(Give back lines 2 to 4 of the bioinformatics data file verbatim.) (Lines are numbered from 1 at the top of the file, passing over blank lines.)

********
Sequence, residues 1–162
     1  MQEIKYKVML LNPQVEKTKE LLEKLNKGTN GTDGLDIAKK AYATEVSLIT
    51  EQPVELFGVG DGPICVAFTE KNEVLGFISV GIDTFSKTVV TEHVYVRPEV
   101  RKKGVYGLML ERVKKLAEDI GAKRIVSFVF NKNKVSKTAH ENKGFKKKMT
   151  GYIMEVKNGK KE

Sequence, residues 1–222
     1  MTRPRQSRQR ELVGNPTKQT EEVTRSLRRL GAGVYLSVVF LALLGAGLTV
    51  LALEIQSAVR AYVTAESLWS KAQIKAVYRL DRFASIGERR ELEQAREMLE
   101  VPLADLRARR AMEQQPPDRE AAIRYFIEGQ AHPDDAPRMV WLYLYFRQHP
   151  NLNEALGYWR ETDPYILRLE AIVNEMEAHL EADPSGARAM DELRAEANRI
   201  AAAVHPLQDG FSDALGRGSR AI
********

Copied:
     1  MQEIKYKVML LNPQVEKTKE LLEKLNKGTN GTDGLDIAKK AYATEVSLIT
    51  EQPVELFGVG DGPICVAFTE KNEVLGFISV GIDTFSKTVV TEHVYVRPEV
   101  RKKGVYGLML ERVKKLAEDI GAKRIVSFVF NKNKVSKTAH ENKGFKKKMT